The Metamorphoses
Metamorphoses
(Latin: Metamorphōseōn librī: "Books of Transformations") is a Latin
Latin
narrative poem by the Roman poet Ovid, considered his magnum opus. Comprising fifteen books and over 250 myths, the poem chronicles the history of the world from its creation to the deification of Julius Caesar
Julius Caesar
within a loose mythico-historical framework. Although meeting the criteria for an epic, the poem defies simple genre classification by its use of varying themes and tones
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De Consolatione Philosophiae
The Consolation of Philosophy
Philosophy
(Latin: De consolatione philosophiae) is a philosophical work by Boethius, written around the year 524. It has been described as the single most important and influential work in the West on Medieval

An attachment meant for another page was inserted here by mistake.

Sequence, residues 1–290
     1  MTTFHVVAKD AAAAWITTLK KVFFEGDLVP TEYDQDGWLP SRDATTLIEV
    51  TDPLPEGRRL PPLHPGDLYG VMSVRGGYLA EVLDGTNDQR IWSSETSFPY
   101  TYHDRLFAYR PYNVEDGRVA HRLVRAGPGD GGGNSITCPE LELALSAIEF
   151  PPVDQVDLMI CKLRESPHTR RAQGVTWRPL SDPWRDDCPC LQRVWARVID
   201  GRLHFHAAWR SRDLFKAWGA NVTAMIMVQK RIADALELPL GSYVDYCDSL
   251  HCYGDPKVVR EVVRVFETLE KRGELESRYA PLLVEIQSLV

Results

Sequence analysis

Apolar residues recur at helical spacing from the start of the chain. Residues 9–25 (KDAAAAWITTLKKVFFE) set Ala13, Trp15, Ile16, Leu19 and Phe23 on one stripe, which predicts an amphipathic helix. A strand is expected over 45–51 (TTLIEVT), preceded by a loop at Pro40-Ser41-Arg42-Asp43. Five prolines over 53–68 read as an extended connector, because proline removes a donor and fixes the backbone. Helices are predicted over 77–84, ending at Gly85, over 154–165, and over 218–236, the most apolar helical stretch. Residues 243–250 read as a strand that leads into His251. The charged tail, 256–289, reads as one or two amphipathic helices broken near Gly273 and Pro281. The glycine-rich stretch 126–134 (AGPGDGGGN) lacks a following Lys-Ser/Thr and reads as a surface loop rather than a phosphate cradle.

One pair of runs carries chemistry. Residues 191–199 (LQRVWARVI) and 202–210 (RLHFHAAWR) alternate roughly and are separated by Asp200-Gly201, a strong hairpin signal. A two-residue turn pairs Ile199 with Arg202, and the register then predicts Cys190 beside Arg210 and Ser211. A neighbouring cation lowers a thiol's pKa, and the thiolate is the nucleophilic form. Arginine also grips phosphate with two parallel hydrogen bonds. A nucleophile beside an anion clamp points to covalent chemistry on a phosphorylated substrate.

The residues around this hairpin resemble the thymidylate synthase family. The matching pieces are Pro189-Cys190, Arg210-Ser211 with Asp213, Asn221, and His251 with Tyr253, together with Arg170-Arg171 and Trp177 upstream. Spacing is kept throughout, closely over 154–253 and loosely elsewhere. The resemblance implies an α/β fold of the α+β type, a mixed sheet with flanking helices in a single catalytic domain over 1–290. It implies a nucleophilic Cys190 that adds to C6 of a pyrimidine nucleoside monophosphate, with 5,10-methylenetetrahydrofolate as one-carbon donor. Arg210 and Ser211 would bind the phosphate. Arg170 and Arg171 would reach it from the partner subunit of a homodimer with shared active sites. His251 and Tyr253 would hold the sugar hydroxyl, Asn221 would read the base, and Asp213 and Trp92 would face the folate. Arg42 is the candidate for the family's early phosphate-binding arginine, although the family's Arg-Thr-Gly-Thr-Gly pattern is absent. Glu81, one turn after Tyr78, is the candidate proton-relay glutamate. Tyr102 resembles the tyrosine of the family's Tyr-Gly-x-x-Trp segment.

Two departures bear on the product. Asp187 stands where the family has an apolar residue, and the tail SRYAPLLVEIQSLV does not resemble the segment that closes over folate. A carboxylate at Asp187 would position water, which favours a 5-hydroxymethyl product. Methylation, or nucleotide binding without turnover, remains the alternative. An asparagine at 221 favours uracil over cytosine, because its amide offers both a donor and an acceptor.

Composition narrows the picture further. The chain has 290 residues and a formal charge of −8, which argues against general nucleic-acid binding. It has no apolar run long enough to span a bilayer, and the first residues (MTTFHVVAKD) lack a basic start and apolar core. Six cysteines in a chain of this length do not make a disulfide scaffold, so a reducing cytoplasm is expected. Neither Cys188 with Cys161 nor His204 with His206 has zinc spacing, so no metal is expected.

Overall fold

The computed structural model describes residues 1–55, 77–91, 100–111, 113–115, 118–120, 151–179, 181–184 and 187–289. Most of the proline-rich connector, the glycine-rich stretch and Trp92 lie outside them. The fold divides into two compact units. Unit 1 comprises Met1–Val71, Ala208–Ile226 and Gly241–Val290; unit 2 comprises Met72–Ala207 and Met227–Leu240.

Medieval
and early Renaissance
Renaissance
Christianity, as well as the last great Western work of the Classical Period.[1][2]Contents1 Description 2 Influence 3 Reconstruction 4 See also 5 References 6 Sources 7 External linksDescription[edit]A golden volume not unworthy of the leisure of Plato
Plato
or Tully — Edward Gibbon[3]The Consolation of Philosophy
Philosophy
was written in AD 523 during a one-year imprisonment Boethius
Boethius
served while awaiting trial – and eventual execution – for the alleged crime of treason under the Ostrogothic King Theodoric the Great
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Byzantine
The Byzantine
Byzantine
Empire, also referred to as the Eastern Roman Empire, was the continuation of the Roman Empire
Roman Empire
in the East during Late Antiquity and the Middle Ages, when its capital city was Constantinople
Constantinople
(modern-day Istanbul, which had been founded as Byzantium). It survived the fragmentation and fall of the Western Roman Empire
Roman Empire
in the 5th century AD and continued to exist for an additional thousand years until it fell to the Ottoman Turks in 1453.[2] During most of its existence, the empire was the most powerful economic, cultural, and military force in Europe